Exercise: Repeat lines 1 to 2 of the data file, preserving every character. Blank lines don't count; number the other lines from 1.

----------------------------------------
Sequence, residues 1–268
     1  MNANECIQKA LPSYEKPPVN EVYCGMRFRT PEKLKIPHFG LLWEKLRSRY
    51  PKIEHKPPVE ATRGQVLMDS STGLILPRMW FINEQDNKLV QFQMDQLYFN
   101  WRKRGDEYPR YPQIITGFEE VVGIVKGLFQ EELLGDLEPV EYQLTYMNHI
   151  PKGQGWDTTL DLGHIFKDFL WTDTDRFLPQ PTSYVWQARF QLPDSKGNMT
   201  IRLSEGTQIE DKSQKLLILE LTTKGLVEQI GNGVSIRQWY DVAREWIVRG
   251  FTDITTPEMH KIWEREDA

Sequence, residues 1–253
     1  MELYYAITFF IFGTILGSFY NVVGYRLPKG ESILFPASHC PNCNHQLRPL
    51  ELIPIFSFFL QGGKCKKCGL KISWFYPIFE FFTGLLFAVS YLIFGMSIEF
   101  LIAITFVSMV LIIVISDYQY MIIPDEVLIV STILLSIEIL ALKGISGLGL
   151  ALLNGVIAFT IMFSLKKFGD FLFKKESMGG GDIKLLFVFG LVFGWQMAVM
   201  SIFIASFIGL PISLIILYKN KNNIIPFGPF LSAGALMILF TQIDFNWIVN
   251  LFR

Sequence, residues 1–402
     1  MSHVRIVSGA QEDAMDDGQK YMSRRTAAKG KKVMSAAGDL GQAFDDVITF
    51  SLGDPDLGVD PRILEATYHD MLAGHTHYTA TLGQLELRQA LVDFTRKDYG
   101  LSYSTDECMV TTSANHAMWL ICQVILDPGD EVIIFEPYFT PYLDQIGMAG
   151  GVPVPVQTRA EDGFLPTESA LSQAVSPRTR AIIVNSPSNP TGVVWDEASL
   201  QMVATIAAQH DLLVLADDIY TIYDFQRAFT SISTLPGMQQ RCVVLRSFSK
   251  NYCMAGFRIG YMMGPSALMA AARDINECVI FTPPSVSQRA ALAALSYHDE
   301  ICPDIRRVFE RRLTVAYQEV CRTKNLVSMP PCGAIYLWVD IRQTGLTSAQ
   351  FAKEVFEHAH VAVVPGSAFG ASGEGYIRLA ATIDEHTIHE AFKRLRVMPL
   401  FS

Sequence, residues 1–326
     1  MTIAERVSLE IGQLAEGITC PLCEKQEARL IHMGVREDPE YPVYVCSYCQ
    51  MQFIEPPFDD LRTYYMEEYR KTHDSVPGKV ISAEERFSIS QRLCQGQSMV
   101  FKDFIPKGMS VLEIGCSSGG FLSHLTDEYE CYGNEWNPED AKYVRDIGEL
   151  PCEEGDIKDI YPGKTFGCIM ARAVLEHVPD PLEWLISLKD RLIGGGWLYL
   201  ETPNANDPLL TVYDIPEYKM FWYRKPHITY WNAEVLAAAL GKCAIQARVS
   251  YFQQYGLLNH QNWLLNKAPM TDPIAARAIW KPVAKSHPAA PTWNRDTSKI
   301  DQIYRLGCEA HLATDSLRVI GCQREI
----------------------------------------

Sequence, residues 1–268
     1  MNANECIQKA LPSYEKPPVN EVYCGMRFRT PEKLKIPHFG LLWEKLRSRY